Putnam
P.Bowers
Curtiss Aircraft 1907-1947
164

P.Bowers - Curtiss Aircraft 1907-1947 /Putnam/

The Curtiss-built version of the British Bristol Fighter failed because the American Liberty engine was too heavy for it.
Curtiss completed only this one of 1,000 British S.E.5 fighters ordered but assembled 56 others that had been built in Britain.
The F-5L was an Americanized version of the British F.5 that evolved from earlier Curtiss H models. This is the first Curtissbuilt version, shown with postwar tail modification in July 1927.
Curtiss installed tandem engines in one F-5L to test the concept before making modifications to the first two NC boats.
The original version of the Model 18T (for triplane) Wasp was tail heavy with the unswept wings shown.
A PROMISING AMERICAN MACHINE. - The Curtiss-Kirkham triplane, which has, we are informed, put up some very excellent performances during her preliminary trials. Over a measured course an average speed of 160 m.p.h. was attained, while in another test an altitude of 26,300 ft. was reached.
When fitted with longer wings as either a landplane or seaplane, the Curtiss Wasp was designated 18T-2. The short-wing version became 18T-1 retroactively.
The Curtiss 18B (for biplane) was named Hornet and was identical to the Wasp except for the use of biplane wings.
The first successful Curtiss seaplane of January 1911 had tandem floats and a forward hydrovane.
The second Curtiss seaplane had the engine forward and the pilot aft. Glenn Curtiss used this machine to fly from North Island to the cruiser Pennsylvania anchored in San Diego Bay.
Glenn Curtiss demonstrates the Triad, the first successful amphibian, at San Diego in February 1911.
The third wing on this mid-1911 Curtiss hydro generated 200 Ib of additional lift.
The standard Curtiss hydro of late 1911 still had the forward elevator. but the forward booms were no longer used and the elevator was mounted on the float.
A-1, Triad
The first twin-engined American aeroplane, the Model H. was built for an attempted Atlantic crossing in the summer of 1914 and was named America. This became a class name for many of its direct descendants.
Unable to lift the fuel required for the Atlantic crossing in its original configuration. the first America was given a third engine.
The H-4s were production versions of the 1914 America. The Anzani radial engines shown were installed in Britain.
The H-10 was a further tractor development of the America.
The. H-14 was a small twin-engined flying-boat that was converted to a single-engined type with a more powerful engine. The example in this photograph has also been identified as the H-8.
Model H, America
H-12As were H-12s with their 200 hp Curtiss engines replaced in Britain by 275 hp Rolls-Royce Eagles.
H-12Ls were US Navy production versions of the H-12 fitted with the 360 hp low-compression Liberty engine. Navy wartime colouring was grey overall.
Postwar passenger conversion of an H-16. The pilot's cockpit was relocated between the wings and the entire forward hull converted to a passenger cabin.
The single H-16-1 was a standard H-16 with the engines installed as pushers.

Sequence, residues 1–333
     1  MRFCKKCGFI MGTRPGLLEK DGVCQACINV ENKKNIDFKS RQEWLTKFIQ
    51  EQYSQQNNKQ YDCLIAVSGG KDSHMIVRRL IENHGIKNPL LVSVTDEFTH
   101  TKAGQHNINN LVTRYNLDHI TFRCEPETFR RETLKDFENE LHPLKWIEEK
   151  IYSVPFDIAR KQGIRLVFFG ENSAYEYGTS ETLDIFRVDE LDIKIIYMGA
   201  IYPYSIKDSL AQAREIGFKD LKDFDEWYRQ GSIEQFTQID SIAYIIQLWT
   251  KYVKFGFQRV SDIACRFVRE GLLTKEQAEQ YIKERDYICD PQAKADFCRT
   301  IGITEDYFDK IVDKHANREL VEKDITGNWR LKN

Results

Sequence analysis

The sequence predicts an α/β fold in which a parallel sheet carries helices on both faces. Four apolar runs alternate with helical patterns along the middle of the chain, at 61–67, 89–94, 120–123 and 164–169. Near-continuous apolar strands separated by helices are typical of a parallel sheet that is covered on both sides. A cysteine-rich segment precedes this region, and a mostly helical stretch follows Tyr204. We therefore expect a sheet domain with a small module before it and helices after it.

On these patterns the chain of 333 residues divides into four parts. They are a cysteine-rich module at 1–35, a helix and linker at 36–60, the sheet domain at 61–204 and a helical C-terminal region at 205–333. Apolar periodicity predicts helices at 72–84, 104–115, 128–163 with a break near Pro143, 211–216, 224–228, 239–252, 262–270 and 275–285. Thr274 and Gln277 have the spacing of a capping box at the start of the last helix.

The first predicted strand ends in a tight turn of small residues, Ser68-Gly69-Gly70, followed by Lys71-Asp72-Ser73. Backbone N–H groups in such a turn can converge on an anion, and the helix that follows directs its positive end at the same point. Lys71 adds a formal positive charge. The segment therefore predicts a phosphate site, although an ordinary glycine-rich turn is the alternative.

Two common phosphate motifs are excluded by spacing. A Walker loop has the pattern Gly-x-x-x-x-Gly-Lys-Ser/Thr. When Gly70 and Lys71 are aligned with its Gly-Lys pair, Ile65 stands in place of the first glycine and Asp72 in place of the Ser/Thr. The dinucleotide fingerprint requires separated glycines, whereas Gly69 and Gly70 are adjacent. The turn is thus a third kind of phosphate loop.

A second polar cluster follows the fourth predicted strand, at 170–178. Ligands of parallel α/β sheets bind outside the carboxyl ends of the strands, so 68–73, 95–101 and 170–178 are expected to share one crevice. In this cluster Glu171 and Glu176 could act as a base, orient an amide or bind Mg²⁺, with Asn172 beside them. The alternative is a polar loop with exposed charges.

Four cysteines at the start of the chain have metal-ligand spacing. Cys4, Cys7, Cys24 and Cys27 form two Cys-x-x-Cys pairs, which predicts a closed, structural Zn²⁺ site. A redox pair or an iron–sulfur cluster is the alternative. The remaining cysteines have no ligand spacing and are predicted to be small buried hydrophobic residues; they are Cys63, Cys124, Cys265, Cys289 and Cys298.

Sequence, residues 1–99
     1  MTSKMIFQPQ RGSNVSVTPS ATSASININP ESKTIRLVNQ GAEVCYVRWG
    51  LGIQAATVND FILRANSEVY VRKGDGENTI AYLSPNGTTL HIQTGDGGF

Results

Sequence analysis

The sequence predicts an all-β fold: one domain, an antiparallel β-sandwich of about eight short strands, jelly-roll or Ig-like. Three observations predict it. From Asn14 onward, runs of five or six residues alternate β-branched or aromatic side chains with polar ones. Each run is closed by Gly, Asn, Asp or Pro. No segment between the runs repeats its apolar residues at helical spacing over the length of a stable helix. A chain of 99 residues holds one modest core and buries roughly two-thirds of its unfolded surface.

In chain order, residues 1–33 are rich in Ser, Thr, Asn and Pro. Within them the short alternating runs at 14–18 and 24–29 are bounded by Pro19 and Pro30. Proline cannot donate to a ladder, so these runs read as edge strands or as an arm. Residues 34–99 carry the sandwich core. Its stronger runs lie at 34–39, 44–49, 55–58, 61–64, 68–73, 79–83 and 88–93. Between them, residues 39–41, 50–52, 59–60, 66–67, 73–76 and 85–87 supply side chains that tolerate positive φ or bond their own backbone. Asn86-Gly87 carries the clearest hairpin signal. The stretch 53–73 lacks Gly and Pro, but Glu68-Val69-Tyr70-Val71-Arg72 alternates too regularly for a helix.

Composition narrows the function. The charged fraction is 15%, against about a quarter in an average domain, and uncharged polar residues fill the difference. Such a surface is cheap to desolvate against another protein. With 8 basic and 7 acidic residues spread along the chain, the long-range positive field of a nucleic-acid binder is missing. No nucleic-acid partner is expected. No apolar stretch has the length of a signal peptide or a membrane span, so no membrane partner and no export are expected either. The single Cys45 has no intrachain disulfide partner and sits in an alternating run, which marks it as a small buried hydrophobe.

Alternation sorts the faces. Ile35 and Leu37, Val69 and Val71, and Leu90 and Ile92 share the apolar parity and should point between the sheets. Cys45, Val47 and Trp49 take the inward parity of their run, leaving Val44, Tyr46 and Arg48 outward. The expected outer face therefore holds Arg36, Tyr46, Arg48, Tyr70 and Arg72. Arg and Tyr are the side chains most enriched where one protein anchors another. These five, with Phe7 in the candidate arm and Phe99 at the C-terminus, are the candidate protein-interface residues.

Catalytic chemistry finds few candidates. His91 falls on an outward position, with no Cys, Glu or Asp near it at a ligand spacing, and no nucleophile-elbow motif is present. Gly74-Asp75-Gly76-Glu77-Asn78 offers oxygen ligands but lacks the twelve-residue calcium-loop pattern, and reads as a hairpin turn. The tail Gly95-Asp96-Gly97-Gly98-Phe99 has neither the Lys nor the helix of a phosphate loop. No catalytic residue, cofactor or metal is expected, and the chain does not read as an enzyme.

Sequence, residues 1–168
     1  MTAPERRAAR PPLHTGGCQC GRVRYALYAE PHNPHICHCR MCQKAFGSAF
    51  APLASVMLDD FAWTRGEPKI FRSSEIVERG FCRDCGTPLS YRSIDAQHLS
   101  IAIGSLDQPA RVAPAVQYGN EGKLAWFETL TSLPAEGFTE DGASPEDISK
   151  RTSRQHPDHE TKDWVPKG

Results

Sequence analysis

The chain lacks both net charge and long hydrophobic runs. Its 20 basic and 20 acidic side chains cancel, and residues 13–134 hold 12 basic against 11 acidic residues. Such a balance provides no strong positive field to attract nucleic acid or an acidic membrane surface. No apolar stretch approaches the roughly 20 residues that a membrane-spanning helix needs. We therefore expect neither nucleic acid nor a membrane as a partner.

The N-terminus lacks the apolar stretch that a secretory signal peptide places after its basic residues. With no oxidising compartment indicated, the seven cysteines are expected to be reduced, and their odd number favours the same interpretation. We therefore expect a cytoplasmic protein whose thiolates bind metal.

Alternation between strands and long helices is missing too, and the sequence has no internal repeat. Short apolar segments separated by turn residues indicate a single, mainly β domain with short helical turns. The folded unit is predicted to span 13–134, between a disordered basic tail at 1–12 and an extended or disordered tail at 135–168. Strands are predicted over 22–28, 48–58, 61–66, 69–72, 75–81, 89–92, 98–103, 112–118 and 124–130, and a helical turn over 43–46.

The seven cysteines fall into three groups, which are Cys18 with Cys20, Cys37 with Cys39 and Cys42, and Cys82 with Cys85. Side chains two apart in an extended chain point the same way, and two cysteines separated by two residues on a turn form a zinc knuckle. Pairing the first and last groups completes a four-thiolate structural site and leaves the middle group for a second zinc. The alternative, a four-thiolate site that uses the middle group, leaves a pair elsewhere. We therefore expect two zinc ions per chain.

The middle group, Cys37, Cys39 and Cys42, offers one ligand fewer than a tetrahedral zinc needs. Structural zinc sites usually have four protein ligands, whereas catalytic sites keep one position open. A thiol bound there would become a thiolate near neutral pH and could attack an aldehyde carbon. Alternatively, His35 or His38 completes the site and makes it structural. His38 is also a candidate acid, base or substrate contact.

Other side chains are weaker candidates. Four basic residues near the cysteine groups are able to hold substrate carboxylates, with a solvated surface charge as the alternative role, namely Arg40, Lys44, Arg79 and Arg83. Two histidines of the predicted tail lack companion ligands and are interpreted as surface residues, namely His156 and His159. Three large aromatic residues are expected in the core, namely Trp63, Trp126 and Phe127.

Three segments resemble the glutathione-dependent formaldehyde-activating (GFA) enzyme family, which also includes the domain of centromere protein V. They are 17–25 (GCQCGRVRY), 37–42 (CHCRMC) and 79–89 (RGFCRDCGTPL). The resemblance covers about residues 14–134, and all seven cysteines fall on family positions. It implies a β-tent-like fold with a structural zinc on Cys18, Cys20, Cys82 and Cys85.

The H-16-2 had additional rudder area and the wings were swept back to overcome the tail heaviness of the pusher engine installation.
The first HA was excessively tail heavy and crashed on its first night.
The HA2 differed from the HA-1 mainly in wing and engine cowling detail.
The HA was tested on wheels as a mail plane. The short wings were unsatisfaclory and two-bay wings of the HA-2 type were installed on the three sold to the US Post Office.
The first Curtiss JN-4 was virtually indistinguishable from the JN-3.
The JN-4A was a later aeroplane than the JN-4B and used B-type tail surfaces. Distinguishing features were the engine down-thrust and Increased wing dihedral.
The JN-4B of 1916 was sold to both private owners and the US Army.
The JN-4Can Canuck follow-on to the JN-3 was developed in Canada. This one was the first aeroplane to fly on skis in Canada. The C-number on the rudder is the Royal Flying Corps Service number and should not be confused with US civil C-registrations issued from 1927.
This transfer of a man from a speeding car to a JN-4C Canuck along the straight of a racetrack is representative of some of the Air Circus stunts performed during the Jenny Era of 1920-25.
Further antics ofthe Jenny Era. Gladys Ingle, a lady daredevil, transfers from the upper wing of one JN4D to the lower wing of another. The kingposts on top of the wing were essential to her stance. The other Jenny has had the kingposts removed and the upper wing overhang braced with struts instead of wires.
The prototype JN-4D of 1917 differed from the production models only in having ailerons fitted to upper and lower wings.
The JN-4D was the principal US Army primary trainer of 1917-18. This is a perfect restoration completed in 1967 by airline pilot Dan Neumann.
The improved JN-4D-2 was intended to replace the JN-4D, but only this single example was built before the cancellation of war orders. The only outward difference was the level position of the engine relative to the downthrust of the JN-4D.
Short-span Hi-lift wings were provided for Jennies by various builders. This JN-4D operated as a seaplane in Alaska into the early 19305.
In the JN-4H series the 90 hp Curtiss OX-5 engine was replaced by the 150 hp Wnght-Hispano. Note the enlarged radiator. This is the JN-4HB bomber-trainer version.